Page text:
My task on Saturday morning was to get 2807 cleaned and ready for service, Cliff & Chris were down as driver and fireman respectively.  Once I'd washed over the boiler, it was time to give the smoke box a bit of a going over with a 50/50 mix of motion oil & diesel.  The trick is to make the mix in an empty baked bean tin and apply it liberally with an old paint brush.  The old baked bean tin that had been used until recently had gone AWOL, so I improvised with an old fizzy drink can that I found in a skip:
  The edges were still a little bit sharp, so should anybody continue to use it, make sure you wear gloves or take great care.
Andy oils up 4270
Stuart is more normally associated with maintaining/driving the DMUs however he has seen the light and is converting back to steam.  I say converting back, as he has been qualified as a fireman on the GWSR in the past.  It seems that he can still remember how to get his hands mucky and operate a kettle, so he should have no trouble getting back into the swing of things.
Stuart, returning from the dark side.
Sean cleaning 4270's wheels & motion
Taking care not to damage 4270's paintwork whilst buffing up her brass cabside
2807 and 4270 looking good and ready for a day's work
2807 heads off with the 10:00 service to Cheltenham Race Course
 Once 2807 was safely off shed and off down the line with the first train of the day, it was time to head off with Tina for a practice walk in readiness for our upcoming sponsored walk for the Broadway Station appeal.  As I was already at Toddington, it seemed to make good sense to drive out to Chipping Campden, then walk back down the Cotswold Way as far as Stanway, then walk back along the B4077 to Toddington.  At a guess, somewhere around 12 or 13 miles and therefore towards the upper end of the distances that we are intending to cover each day.
Looking back at Chipping Campden
The idea of trig points is that they are visible from a long distance, to aid with surveying land.  This one on Dovers Hill was almost entirely hidden from view down in the valleys below by trees.
Trig point on Dovers Hill
 A short distance away was a toposcope, which afforded excellent views to the north and west.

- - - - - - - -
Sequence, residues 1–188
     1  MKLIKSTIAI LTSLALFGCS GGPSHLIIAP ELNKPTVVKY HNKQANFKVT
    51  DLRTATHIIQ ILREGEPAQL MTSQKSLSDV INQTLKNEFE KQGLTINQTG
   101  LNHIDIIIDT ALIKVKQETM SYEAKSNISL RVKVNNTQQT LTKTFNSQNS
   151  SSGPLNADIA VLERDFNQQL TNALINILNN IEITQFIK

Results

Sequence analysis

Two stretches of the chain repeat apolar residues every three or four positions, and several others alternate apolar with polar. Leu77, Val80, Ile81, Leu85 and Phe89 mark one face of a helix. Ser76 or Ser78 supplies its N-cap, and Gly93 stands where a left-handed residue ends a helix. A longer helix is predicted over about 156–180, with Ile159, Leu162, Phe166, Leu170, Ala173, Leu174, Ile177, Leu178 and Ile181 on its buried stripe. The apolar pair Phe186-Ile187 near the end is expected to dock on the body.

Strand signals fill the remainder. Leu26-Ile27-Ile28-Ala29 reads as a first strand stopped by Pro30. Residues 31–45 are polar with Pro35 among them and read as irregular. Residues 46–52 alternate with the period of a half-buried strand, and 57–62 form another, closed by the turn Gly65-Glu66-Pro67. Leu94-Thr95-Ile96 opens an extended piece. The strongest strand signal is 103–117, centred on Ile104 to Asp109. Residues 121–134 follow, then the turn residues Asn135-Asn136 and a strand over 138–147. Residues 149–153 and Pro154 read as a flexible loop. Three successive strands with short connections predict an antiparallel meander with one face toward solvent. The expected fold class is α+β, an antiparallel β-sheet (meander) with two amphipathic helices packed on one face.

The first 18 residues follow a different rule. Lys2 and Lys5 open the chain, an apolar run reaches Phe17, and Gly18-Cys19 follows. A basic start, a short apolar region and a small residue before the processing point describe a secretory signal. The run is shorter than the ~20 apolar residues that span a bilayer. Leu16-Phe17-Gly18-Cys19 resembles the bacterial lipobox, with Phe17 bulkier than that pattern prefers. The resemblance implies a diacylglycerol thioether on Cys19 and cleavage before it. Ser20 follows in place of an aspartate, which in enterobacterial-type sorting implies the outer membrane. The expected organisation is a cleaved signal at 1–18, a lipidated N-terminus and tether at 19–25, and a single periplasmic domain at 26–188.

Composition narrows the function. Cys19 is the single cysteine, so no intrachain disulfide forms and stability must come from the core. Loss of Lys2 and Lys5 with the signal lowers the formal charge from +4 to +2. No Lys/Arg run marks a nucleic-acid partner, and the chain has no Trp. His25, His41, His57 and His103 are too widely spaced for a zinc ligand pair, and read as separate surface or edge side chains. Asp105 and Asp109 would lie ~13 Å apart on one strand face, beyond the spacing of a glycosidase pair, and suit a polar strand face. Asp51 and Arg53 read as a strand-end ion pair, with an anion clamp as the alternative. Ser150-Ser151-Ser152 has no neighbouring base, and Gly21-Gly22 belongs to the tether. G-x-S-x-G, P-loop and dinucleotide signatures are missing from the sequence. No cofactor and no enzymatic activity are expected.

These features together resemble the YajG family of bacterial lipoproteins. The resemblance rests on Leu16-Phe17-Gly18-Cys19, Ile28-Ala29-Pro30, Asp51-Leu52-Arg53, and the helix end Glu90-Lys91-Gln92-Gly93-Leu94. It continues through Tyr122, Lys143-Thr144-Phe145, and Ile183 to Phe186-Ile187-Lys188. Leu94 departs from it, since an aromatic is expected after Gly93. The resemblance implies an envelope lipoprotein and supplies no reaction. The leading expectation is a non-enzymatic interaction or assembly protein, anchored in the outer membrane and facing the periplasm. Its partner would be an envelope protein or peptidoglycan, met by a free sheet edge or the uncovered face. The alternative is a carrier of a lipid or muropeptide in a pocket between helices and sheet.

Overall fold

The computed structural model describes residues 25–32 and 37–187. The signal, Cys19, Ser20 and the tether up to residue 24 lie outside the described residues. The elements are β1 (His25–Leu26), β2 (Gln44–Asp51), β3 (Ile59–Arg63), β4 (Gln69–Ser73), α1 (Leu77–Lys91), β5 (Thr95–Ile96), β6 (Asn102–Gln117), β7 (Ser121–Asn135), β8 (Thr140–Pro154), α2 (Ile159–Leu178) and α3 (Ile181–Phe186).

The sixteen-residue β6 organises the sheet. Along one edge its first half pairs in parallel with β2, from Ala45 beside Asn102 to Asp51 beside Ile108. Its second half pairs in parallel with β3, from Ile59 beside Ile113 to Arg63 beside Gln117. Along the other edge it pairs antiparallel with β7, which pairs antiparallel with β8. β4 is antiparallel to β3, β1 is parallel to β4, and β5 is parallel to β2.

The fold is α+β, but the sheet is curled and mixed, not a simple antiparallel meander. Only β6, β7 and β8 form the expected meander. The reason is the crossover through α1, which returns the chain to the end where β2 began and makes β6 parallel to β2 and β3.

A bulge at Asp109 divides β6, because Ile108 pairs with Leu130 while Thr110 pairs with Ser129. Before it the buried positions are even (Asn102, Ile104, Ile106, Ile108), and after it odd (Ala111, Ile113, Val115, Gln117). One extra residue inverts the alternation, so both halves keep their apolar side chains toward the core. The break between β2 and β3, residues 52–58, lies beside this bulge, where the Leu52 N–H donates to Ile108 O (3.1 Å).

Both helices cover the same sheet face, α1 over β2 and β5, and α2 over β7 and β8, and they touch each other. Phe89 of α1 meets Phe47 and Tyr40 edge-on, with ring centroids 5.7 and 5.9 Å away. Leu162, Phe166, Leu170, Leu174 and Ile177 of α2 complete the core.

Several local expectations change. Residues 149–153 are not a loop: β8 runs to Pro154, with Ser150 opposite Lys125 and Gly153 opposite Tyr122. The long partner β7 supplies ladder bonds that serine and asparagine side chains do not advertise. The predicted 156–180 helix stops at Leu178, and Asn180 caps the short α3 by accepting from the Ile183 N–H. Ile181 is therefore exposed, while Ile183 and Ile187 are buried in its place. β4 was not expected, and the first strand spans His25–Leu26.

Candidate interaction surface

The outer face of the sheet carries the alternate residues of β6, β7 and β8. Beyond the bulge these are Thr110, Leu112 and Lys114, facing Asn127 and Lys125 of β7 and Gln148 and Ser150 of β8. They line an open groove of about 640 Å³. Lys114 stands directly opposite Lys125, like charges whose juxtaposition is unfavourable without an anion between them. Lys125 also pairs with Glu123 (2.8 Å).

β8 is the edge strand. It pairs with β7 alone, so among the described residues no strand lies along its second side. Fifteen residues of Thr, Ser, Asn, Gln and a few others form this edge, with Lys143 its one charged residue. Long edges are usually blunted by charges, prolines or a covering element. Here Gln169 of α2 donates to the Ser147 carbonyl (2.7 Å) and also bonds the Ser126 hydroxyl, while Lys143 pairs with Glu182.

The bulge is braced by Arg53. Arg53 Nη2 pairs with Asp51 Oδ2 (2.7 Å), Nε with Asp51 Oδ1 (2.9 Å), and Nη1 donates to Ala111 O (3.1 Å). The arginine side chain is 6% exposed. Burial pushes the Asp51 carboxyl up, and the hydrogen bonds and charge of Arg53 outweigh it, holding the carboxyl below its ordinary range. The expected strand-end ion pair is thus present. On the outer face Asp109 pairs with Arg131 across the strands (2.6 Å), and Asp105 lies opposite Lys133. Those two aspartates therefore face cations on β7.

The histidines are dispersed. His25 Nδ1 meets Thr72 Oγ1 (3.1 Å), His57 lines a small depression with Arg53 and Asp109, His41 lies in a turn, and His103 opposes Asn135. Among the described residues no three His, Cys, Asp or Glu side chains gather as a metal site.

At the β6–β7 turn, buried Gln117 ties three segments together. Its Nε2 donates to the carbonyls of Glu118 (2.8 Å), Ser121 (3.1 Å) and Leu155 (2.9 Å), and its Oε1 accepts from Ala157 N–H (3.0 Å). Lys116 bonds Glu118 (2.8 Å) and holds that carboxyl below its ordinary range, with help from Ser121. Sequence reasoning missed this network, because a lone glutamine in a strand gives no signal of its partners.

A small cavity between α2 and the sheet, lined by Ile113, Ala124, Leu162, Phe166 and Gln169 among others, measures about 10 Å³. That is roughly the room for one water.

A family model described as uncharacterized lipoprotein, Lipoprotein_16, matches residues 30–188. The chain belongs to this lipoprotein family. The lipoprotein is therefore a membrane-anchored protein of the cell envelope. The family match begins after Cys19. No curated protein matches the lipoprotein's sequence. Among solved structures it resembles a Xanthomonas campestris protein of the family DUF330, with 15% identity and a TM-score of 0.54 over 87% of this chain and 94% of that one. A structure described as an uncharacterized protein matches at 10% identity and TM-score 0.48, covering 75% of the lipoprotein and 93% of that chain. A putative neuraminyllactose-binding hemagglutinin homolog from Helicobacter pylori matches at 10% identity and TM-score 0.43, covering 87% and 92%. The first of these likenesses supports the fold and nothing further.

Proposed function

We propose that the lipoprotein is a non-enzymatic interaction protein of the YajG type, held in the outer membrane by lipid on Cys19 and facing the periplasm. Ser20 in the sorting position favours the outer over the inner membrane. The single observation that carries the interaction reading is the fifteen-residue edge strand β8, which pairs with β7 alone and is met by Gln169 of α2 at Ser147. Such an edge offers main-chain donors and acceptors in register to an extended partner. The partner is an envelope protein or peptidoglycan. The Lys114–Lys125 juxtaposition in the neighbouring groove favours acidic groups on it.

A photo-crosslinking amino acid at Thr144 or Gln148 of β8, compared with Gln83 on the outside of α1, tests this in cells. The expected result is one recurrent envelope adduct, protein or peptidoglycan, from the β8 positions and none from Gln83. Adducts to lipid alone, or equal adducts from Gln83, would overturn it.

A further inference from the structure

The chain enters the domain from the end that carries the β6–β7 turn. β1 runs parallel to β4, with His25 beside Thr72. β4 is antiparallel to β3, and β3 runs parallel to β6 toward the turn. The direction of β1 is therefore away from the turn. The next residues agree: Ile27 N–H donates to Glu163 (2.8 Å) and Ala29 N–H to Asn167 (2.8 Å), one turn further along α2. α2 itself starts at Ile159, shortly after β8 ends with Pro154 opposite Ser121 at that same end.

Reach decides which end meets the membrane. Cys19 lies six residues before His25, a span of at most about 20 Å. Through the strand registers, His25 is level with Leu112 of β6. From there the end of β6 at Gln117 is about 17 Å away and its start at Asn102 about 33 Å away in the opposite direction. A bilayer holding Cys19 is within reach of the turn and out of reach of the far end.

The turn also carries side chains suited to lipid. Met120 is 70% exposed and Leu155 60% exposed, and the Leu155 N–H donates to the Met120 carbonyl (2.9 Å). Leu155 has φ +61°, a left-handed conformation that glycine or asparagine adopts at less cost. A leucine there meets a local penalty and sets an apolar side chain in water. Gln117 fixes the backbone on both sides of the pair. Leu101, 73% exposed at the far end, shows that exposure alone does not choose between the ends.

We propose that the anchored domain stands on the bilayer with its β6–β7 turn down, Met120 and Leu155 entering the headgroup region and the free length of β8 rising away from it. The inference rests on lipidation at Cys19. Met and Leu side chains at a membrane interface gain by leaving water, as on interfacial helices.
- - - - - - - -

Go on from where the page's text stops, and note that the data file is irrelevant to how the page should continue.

Tina, surveying the view from Dovers Hill
 The local architecture was very much to my taste if not my finances, this house along the way had something of a finial on the left hand side of the roof, complete with a sundial set into it.
Who needs a watch with a house like this?
 Broadway tower and Broadway itself were both on the route.  Never having been up to the tower before, I was quite charmed by it, and judging by the crowds, many others were too.
Broadway Tower
  Down in Broadway village itself, there was some sort of event taking place which had drawn substantial crowds.  I'm not entirely sure what was going on, "Broadfest" apparently, whatever that is.  It involved lots of people, stalls and music.  It turns out the Broadway Action Group were in attendance too, but I'm afraid that we didn't spot them.  It would be nice to think that in the not too distant future, we will be running trains from Cheltenham Race Course (where there is plentiful parking) to Broadway, bringing visitors to this delightful village nestling in the heart of the Cotswolds.
Choir on the village green
I noticed in one of the shops in Broadway that we passed, several references to the golden age of steam.  This jigsaw puzzle of Lode Star was amongst several that caught my eye:

Lode Star
 The prospect of sampling the delights of Broadway had to be set aside though, as the trail beckoned, and soon we were back out in the sticks again:
Looking back on Broadway
Amongst the items of note on the route, was this rather fine fungus sprouting from the base of a tree, each section the size of a dinner plate.
But is it edible?
 Tina has worked out how to distract me so that she can take a sneaky rest break, just point me in the direction of something interesting to photograph. Thus it was that I didn't believe her at first when she said that she could see a badger in the next field as they are noted for being nocturnal animals. Tina was right though, there really was a badger in the next field.   The badger was reasonably young and was happy to let me get fairly close to it before backing off a short distance.  This was one of those occasions when I wished I'd packed my proper camera rather than the point and shoot.
I'd never seen a live wild badger so close before.
Tina doesn't get on well with hills, flat ground is ok, shallow down hill sections even better.  Anything that involves going up, or steeply down is not.  I learned some new words on the long & steep descent from Shenberrow Hill to Stanton.  Tina is not looking forward to going up this section when we do it for real.  I tried to explain that hills are easier on the legs, and particularly the feet & knees when you're going up them, but she wouldn't believe me.  Encouragingly, we occasionally heard the horn of the DMU as it was heading to/from Laverton whilst we were on this section, suggesting that the end of the day's walk wasn't too far off..